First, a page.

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Last Updated: Monday, 6 October, 2003, 01:40 GMT 02:40 UK
'The internet saved my life'
Jane Elliott
BBC News Online health staff

Alva Rudkin
Alva did not need a mastectomy
Breast cancer patient Alva Rudkin is convinced an Internet trawl saved both her breast and her life.

When she was first diagnosed in June 2000 doctors found that she had a large tumour of 4 centimetres.

They recommended a mastectomy - the removal of her entire left breast.

But Alva, a former lawyer, was determined not to make any rash decisions and persuaded doctors to delay operating until she had time to make a considered opinion.


A search of the internet soon convinced her that the way forward was chemotherapy before surgery in order to reduce the tumour. She also found interesting data about the positive affect of flaxseed oils on the tumour.

"I though chemotherapy made perfect sense to me. It was a systemic way of treating the cancer throughout my body."

My Internet research had helped save my life
Alva Rudkin

Alva found doctors at Northampton General Hospital very receptive to her ideas, even though chemotherapy before surgery was not the norm at the time she decided on it.

She had a couple of cycles of chemotherapy and was delighted to discover that it had not only reduced her tumour, but that it had completely destroyed it.

Checks on the tissue of her breast and her lymph nodes showed that the area was now completely clear.

"My surgeon was brilliant and I persuaded him to telephone me when he got the results and to telephone me to say whether there were any malignant cells in the breast or the lymph nodes, but there were not.

"I did not need a mastectomy I did not even need a lumpectomy.

"My internet research had helped save my life.


"But despite this good news the lawyer in me wanted to have radiotherapy as a belt and braces measure and so I had six weeks of that.

"All my hair fell out, but that was brilliant because it freed me from having to do the daily hair do and it took a lot of persuading to get me to grow my hair back again."

Alva's illness prompted her to take a radical look at both her health and her life.

"I took the view that the cancer was sent to me for a reason and that was to change my life and to change my life overall. And my life overall could not be better."

She decided to eliminate toxins from her body to give it a chance to recover from the chemotherapy and eliminate meat and dairy from her daily diet.

She also started taking daily supplements of flaxseed, reputed to help reduce the oestrogen in the body and help reduce the tumours.

"I don't know whether it helped or not, but that is what I did."

Alva also started taking a range of aloe products, designed by Forever Living Products.

Often feeling too sick to eat Alva found the aloe drink provided her body with the vital nutrients it needed. She used the gel's to ease sores and burns on her body caused by the radiation and the special gel to help ease the sores in her mouth and teeth.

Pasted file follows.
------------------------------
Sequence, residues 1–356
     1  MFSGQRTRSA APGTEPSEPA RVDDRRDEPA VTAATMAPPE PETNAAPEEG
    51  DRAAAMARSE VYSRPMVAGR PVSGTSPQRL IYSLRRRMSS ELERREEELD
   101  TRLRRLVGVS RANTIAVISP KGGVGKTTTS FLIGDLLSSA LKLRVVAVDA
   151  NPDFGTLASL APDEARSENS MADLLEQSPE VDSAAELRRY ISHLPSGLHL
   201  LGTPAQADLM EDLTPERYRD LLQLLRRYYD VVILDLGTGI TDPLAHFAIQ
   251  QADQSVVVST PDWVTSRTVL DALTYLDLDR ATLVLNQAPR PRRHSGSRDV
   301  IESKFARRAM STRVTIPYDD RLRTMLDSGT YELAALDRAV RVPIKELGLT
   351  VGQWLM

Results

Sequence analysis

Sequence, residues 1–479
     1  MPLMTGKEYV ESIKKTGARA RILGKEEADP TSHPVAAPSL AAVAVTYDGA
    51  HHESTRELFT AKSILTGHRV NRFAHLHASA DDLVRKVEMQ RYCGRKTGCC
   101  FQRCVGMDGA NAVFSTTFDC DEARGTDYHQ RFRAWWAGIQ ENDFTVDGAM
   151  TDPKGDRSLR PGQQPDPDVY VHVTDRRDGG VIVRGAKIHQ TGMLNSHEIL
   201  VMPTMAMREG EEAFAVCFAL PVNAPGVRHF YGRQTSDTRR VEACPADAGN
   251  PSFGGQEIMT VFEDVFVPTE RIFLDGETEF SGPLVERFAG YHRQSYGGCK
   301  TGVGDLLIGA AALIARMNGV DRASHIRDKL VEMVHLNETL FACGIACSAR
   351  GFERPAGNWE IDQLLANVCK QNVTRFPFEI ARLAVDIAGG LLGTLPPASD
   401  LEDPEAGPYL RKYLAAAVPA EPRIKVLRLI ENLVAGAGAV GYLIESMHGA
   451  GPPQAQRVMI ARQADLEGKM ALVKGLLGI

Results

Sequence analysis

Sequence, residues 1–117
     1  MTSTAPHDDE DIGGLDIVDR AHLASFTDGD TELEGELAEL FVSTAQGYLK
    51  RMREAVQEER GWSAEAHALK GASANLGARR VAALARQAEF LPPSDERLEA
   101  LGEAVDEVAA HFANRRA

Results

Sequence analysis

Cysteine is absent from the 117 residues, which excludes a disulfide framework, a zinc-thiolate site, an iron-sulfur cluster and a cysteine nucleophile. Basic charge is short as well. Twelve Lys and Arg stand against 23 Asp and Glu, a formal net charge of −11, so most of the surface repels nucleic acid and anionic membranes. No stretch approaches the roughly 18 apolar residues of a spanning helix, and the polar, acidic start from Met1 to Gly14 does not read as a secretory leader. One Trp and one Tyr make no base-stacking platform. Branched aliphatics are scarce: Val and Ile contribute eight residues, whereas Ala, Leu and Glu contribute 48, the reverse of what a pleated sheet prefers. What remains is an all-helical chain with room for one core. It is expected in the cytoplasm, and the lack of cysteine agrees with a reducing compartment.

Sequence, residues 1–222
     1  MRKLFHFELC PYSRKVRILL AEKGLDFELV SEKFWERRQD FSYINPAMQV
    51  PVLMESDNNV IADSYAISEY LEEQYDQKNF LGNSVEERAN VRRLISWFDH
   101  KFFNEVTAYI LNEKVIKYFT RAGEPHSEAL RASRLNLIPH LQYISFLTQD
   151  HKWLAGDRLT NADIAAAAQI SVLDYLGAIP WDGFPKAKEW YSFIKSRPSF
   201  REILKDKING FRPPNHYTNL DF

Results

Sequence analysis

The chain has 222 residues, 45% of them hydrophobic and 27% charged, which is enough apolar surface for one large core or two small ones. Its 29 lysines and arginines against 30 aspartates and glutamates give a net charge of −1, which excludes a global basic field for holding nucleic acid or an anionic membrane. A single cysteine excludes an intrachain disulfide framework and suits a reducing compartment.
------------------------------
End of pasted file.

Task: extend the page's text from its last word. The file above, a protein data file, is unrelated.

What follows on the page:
"I used the aloe jelly immediately before and after the radiotherapy and several times during the day and I found it to be very positive in dealing with the radiotherapy burns."


But Alva admits that she would not have been able to get through without the help and support she received from Macmillan Cancer Relief.

She trawled their website and rang their support line and found their help invaluable.

Now she is a regular fundraiser for them. She also sells aloe products and gives 1 from selected products to Macmillan funds.

"If I can do anything to put money in their pockets then that means this has been worthwhile."

October has been designated breast cancer awareness month and this year focuses on the support women and their families can receive from Macmillan's specially trained breast cancer nurses.

Each year there are 41,000 new cases diagnosed each year in the UK and although 80% of the cancers occur in post-menopausal women, 8,200 cases a year occur in women under 50 who are likely to have younger children and so require additional support.

Dame Gill Oliver of Macmillan said: "A breast cancer diagnosis is very frightening, not just for the person diagnosed.

"There is so much focus on treating the patient's cancer that the emotional needs of the carers and children can be forgotten. That's why Macmillan helps the whole family."

As part of the special month Macmillan breast care nurses are holding awareness days to explain about the symptoms of the disease and how their support networks.

For advice and support or to find out more about the help available please call the Macmillan CancerLine on freephone 0808 808 2020 (Monday to Friday, 9am to 6pm).

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